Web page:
4
$\begingroup$

I would like to know the method of syntheses of making 1,1-diphenyl-1-butene $(\ce{C16H16})$ from benzophenone $(\ce{(C6H5)2CO},$ generally abbreviated $\ce{Ph2CO})$ and 1-bromopropane $(\ce{CH3CH2CH2Br}).$

I think that the carbonyl group which is a functional group composed of a carbon atom double-bonded to an oxygen atom $(\ce{C=O})$ of benzophenone will react to the alkyl halide.

Because oxygen is more electronegative than carbon, carbonyl compounds often have resonance structures which affect their reactivity. This relative electronegativity draws electron density away from carbon, increasing the bond's polarity, therefore making carbon an electrophile (i.e. slightly positive).

But I have no idea how it reacts and proceeds to work. Can anyone help me understand the detail mechanisms and reaction procedures to make 1,1-diphenyl-1-butene from benzophenone and 1-bromopropane?

$\endgroup$
2
$\begingroup$

I present another (almost) two-step synthesis, involving the famous Wittig reaction. The first step details the preparation of a phosphonium ylide, which subsequently is allowed to react with the carbonyl compound (benzophenone in our case) to yield the final product, 1,1-diphenyl-1-butene.

Wittig: benzophenone and n-propyl triphenyl phosphonium ion

For mechanistic details, visit NotEvans.'s answer to Which is the currently accepted mechanism of a Wittig reaction?.

$\endgroup$
  • $\begingroup$ Thank you for useful information about Wittig reaction. $\endgroup$ – Jan Jul 17 at 15:47
  • $\begingroup$ But I can’t understand well about this action procedures. $\endgroup$ – Jan Jul 17 at 15:48
  • $\begingroup$ @Jan Do you mean mechanism? $\endgroup$ – William R. Ebenezer Jul 17 at 15:49
  • $\begingroup$ Try this in that case: masterorganicchemistry.com/2018/02/06/wittig-reaction $\endgroup$ – William R. Ebenezer Jul 17 at 15:51
  • $\begingroup$ Thank you so much for your information! I can understand the mechanism of Wittig reaction that ylide attacks aldehyde or ketone and makes alkene and triphenylphosphine oxyde. $\endgroup$ – Jan Jul 20 at 14:40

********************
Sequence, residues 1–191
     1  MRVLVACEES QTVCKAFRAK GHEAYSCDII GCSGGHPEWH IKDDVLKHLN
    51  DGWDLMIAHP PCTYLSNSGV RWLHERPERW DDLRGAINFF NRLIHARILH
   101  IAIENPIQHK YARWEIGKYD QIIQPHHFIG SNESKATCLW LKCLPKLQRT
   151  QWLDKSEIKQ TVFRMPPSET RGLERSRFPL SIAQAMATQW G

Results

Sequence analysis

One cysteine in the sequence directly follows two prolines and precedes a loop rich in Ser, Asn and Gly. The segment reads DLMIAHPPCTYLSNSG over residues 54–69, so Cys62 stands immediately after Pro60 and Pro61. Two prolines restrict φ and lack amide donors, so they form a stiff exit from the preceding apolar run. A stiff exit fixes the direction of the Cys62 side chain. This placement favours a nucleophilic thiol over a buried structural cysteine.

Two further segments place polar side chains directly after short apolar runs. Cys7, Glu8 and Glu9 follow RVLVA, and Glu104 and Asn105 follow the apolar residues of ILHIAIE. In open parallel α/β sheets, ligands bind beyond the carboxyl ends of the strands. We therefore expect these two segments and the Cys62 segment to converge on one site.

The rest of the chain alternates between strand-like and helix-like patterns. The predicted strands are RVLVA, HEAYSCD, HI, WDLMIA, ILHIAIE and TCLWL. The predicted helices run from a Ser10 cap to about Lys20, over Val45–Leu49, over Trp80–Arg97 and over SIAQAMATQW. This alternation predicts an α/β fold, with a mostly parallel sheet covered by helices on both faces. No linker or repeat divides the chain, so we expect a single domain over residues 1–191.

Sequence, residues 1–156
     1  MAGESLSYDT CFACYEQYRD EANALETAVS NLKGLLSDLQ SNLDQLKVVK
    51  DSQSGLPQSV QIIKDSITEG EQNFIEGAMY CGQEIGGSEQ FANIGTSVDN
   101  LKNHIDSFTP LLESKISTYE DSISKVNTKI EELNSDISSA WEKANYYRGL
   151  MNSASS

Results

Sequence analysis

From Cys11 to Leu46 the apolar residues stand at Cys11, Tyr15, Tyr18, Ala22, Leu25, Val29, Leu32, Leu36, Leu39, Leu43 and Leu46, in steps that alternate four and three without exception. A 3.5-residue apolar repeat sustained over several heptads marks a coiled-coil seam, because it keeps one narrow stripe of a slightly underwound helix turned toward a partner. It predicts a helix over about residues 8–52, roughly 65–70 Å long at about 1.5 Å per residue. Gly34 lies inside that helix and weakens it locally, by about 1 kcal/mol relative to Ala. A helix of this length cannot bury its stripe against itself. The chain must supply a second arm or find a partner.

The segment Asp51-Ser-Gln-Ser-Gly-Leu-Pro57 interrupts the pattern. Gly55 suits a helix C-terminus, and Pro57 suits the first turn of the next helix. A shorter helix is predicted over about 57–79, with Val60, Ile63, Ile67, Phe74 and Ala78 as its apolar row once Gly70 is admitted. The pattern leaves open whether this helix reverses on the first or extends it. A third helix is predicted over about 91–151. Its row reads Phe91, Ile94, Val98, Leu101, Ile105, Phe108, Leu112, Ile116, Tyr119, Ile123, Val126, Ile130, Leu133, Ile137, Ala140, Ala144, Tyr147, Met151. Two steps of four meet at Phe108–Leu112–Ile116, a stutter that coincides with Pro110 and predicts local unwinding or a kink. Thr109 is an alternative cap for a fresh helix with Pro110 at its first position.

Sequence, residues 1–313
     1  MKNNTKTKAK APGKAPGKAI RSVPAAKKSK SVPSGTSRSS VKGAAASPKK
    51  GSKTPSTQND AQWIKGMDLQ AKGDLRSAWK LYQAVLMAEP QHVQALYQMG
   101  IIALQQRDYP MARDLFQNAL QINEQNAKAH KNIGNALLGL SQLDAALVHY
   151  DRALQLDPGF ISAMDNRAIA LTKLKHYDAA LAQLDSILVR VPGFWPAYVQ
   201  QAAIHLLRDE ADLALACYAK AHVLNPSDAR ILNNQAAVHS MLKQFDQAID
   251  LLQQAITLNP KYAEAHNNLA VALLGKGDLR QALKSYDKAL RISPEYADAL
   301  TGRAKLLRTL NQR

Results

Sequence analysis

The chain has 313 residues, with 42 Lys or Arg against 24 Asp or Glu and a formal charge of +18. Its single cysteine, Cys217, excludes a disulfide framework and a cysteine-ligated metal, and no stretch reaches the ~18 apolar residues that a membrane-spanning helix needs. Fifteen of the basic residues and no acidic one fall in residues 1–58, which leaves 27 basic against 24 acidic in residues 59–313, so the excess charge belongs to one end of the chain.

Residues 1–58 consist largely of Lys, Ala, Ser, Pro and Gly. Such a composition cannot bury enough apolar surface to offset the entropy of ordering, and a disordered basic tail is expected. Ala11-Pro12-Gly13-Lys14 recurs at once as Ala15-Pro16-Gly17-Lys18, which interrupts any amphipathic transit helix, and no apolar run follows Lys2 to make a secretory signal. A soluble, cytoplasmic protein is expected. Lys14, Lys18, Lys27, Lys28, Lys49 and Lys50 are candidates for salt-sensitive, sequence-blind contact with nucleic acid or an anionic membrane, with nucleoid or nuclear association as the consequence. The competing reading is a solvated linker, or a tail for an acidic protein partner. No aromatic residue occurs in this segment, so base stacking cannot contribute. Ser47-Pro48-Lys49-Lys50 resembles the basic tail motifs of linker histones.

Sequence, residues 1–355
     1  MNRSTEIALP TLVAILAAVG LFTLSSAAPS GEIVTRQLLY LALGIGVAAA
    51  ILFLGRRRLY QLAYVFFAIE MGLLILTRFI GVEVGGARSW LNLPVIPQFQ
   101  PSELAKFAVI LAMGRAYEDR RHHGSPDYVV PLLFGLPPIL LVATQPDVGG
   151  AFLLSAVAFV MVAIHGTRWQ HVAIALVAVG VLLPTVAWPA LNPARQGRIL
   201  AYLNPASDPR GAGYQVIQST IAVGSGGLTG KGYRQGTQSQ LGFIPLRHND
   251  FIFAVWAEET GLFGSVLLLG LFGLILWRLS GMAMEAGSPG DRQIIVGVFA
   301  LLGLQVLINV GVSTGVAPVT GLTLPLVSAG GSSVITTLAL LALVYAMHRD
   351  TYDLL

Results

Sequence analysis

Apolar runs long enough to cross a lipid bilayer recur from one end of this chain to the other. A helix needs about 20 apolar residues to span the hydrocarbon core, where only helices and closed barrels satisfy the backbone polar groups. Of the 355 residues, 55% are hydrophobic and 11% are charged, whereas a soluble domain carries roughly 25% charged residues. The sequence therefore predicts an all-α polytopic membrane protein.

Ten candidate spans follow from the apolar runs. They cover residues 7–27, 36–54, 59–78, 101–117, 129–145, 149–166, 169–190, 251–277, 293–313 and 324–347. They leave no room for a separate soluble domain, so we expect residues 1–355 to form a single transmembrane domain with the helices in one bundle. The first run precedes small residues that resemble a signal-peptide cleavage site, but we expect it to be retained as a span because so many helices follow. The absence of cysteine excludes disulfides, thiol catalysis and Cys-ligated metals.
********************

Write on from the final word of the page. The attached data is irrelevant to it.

6
$\begingroup$

Two steps:

  1. Form the Grignard reagent with 1-bromopropane and magnesium metal. This can be down in a variety of ethereal solvents, THF or $\ce{Et2O}$ are most commonly used. This species is nucleophilic through carbon and will add to the carbonyl group.

    Cool the Grignard solution in an ice bath under nitrogen with stirring, slowly add a solution of 0.9 eq of benzophenone. Allow it to stir until TLC shows consumption of the benzophenone starting material.

    Add a solution of aqueous ammonium chloride to quench residual Grignard. Add organic solvent $(\ce{Et2O}$ or $\ce{EtOAc})$ and collect the organic phase, dry and concentrate. This will form 1,1-diphenyl-butan-1-ol.

  2. Take the crude product from step 1 and dissolve in toluene. Add a catalytic amount of p-toluene sulfonic acid (PTSA) and heat under Dean-Stark reflux to remove the water. The PTSA will protonate the tertiary alcohol you have formed in step 1. This gives a cation stabilised by the two phenyl groups so it forms readily. This eliminates water to give the required product cleanly.

    When the system has ceased to generate water allow it to cool, wash with diluted aqueous sodium carbonate solution, dry and concentrate. This should result in fairly clean 1,1-diphenyl-1-butene.

    To produce cleaner material use chromatography on silica with hexane/ethyl acetate (0 to 10%).

Further reading on Grignard reagents: Master Organic Chemistry.

$\endgroup$
  • 1
    $\begingroup$ Step 2, why is conc H2SO4 not preferred? $\endgroup$ – thewitness Jul 13 at 7:37
  • 2
    $\begingroup$ PTSA is more soluble in Toluene and not oxidising $\endgroup$ – Waylander Jul 13 at 7:41
  • $\begingroup$ I can understand fairly well about Grignard agent and its detail reaction procedures $\endgroup$ – Jan Jul 14 at 9:36
  • $\begingroup$ Thank so much for your great teaching! I can study from this site organic chemistry fairly well! $\endgroup$ – Jan Jul 14 at 9:38

Your Answer

By clicking “Post Your Answer”, you agree to our terms of service, privacy policy and cookie policy

Not the answer you're looking for? Browse other questions tagged or ask your own question.